ISSN: 2511-7602

Journal for Art Market Studies

Book Review

Zachary Kingdon: Ethnographic Collecting and African Agency in Early Colonial West Africa. A Study of Trans-Imperial Cultural Flows (New York, London: Bloomsbury Visual Arts, 2019)

by Julien Bondaz

© Bloomsbury

This book by Zachary Kingdon is the first to be published in the “Contextualizing Art Markets” collection edited by Kathryn Brown for Bloomsbury. In her preface, Brown emphasises this inaugural function and points out that the notion of “market” is to be understood in the broad sense, which “encompasses a dynamic terrain of exchange, gift, barter and negotiation” (p. XXV). Not that this first volume should be read as a programmatic essay, of course; rather, it is to be viewed as a case study that may serve to disrupt the analytical routines of art history and the anthropology of art in their analysis of the production of the value of works.

Kingdon offers a thorough and extensively documented study of a specific moment in the history of ethnographic collections, when, during the second half of the nineteenth century, a new economic system based on palm oil plantations developed on the western coast of Africa. The city and port of Liverpool played a central role in this switch from the slave trade to agriculture and forestry. The constitution of the collections that formed the basis of the Derby Museum, and the history of that institution since its opening in 1853,1 reflect the continuities and breaks between these two forms of extraction that were the slave trade and the palm oil trade. The activity of collecting natural and ethnographic objects proves to have been tightly bound up with these two extractive economies.2

One of the stimulating hypotheses adumbrated in the prologue concerns a correlation between the succession of those two economic models that were the slave trade and palm oil production and the successive modes of ethnographic collection, with the figure of the sailor-collector being partially replaced by that of the merchant-collector, often fully integrated into African coastal communities and therefore capable of gathering not only objects but also knowledge about those objects. The intensification of maritime trade with the African West Coast from the 1870s onwards also resulted in a densification of supply networks and a growth in the collections brought back to Liverpool. The idea being that these two phases of colonial exploitation were accompanied by two distinct paradigms of ethnographic collection. This hypothesis, which the author is quick to qualify, is founded more on the strategies of distinction and legitimisation employed by the protagonists themselves than on the existence of a real break between two different economic models. However, it does provide us with a framework for thinking about the ways in which the circulation of ethnographic collections and that of commodities were intermixed within the overall dynamics of nineteenth-century colonial projects. This requires that we pay close attention both to the interactions between local actors and to the putting in place of forms of transcultural collaboration and of trans-imperial networks. This twofold heuristic challenge is at the heart of the editorial project behind this collection, and it is fully addressed in Kingdon’s book.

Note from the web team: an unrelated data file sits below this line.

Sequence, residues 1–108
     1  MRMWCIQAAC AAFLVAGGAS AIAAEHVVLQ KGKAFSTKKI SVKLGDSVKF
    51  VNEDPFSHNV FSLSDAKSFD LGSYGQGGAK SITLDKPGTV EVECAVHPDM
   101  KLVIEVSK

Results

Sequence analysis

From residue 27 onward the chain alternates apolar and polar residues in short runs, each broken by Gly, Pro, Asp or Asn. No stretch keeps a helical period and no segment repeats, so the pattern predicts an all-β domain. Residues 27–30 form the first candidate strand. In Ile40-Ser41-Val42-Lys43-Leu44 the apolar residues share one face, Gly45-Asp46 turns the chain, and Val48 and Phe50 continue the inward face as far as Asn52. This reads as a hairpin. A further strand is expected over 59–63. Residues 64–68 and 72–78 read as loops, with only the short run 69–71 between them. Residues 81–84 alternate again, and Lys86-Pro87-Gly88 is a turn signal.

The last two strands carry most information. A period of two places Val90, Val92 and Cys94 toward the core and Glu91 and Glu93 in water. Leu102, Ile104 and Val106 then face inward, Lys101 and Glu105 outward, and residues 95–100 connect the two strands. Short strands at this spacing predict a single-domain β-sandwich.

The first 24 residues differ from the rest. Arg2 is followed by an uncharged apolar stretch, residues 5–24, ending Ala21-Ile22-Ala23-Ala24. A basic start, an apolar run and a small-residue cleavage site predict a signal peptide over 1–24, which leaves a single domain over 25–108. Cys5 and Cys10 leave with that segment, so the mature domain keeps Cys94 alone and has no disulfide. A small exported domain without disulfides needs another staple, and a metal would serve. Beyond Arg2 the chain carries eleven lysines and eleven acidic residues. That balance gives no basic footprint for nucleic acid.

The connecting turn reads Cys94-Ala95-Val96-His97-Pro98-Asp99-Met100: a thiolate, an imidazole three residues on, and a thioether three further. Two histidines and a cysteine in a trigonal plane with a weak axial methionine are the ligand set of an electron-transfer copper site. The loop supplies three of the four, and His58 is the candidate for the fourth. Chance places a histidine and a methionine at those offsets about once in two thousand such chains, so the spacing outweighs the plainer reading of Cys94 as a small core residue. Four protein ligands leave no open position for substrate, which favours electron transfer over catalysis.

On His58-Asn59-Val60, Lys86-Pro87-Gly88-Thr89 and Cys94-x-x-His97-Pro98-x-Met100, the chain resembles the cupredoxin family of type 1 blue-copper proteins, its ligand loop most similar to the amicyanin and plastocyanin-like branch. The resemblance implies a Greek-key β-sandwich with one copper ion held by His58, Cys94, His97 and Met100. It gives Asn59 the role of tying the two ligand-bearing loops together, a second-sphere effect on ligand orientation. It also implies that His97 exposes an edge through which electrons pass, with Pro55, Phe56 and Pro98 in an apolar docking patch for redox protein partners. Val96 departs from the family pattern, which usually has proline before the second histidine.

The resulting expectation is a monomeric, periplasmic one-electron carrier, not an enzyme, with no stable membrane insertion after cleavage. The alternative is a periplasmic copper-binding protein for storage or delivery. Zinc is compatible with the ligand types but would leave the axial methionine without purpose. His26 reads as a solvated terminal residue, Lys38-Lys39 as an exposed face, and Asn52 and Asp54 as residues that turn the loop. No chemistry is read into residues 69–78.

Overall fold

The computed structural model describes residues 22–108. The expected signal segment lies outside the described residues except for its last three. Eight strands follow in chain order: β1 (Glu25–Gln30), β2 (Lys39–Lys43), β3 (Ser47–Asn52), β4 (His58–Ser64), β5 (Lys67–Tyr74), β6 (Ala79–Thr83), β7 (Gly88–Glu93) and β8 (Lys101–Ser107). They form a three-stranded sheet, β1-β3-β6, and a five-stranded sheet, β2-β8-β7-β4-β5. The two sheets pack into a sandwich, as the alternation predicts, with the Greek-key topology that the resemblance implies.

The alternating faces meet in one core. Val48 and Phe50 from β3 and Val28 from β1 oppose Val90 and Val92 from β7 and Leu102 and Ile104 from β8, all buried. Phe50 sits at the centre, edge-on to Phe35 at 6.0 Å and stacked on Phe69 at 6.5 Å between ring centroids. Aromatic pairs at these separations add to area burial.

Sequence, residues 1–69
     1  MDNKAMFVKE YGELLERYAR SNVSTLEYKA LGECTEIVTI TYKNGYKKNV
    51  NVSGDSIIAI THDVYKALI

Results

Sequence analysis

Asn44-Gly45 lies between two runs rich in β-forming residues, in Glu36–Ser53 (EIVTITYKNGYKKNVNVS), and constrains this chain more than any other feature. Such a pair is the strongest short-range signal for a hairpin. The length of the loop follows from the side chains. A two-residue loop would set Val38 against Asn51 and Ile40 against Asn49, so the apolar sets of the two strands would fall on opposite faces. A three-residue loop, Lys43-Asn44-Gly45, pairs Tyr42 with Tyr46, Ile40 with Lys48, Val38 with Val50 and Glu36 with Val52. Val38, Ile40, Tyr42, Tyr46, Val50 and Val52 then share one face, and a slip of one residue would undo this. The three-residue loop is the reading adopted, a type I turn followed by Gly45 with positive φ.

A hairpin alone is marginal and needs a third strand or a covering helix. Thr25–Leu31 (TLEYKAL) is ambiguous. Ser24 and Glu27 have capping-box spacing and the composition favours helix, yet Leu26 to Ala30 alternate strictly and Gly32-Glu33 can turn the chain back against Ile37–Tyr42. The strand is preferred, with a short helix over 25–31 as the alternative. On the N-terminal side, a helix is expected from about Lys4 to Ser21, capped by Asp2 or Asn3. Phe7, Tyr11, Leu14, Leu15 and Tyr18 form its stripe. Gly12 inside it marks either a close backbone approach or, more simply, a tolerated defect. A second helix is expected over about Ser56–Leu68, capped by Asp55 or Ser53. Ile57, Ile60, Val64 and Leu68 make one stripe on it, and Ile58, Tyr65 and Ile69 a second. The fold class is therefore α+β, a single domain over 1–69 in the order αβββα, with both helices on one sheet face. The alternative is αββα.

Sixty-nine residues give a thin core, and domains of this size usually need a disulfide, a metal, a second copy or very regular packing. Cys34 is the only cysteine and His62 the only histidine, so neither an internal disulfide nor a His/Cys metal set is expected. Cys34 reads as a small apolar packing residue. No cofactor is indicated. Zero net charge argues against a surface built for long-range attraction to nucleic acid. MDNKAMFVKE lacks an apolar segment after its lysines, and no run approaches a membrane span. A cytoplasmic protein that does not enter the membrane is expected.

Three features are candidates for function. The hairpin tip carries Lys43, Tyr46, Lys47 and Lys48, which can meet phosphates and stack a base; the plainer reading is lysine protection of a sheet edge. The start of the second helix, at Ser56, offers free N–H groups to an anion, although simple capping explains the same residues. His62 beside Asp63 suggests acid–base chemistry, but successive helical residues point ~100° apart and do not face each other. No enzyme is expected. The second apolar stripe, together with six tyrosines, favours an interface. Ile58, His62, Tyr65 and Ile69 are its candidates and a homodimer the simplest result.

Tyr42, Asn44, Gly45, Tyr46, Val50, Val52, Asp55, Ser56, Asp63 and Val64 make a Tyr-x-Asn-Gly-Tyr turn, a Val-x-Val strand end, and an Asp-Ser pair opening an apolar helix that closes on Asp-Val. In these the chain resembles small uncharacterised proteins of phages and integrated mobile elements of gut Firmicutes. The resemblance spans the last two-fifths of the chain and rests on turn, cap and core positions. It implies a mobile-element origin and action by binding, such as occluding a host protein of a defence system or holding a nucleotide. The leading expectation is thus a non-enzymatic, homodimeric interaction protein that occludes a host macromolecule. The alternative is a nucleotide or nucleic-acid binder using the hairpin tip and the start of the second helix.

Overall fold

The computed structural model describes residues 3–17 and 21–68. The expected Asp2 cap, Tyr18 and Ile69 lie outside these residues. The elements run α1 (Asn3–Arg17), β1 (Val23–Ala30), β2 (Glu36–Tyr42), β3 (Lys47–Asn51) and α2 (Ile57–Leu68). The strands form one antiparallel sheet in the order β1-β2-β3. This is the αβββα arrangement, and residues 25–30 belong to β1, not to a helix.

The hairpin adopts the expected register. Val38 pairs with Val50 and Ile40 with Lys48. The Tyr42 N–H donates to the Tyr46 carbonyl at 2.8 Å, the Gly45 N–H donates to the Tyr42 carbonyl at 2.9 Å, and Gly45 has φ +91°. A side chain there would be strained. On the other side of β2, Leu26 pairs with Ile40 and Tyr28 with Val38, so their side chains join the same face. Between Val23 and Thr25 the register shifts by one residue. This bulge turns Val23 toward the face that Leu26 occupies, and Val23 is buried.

Chapter after chapter, the author undertakes the task of researching and establishing the African protagonists behind these collections, reconstructing their lives, which all too often have been obscured, and recognising their agency in the choices and practices of collecting. To this end he references both archive data chosen from the museum collection, which provide further detail, and data collected from the descendants of the actors themselves in 2009–10, mainly in Ghana and Sierra Leone, proving once again the importance of redoubling historical sources with investigations in the field when it comes to the history of the practices of collecting. The architectural heritage of Freetown is also the subject of some very interesting analyses, as the author looks to these buildings for clues to the way of life of African elites in the late nineteenth and early twentieth centuries.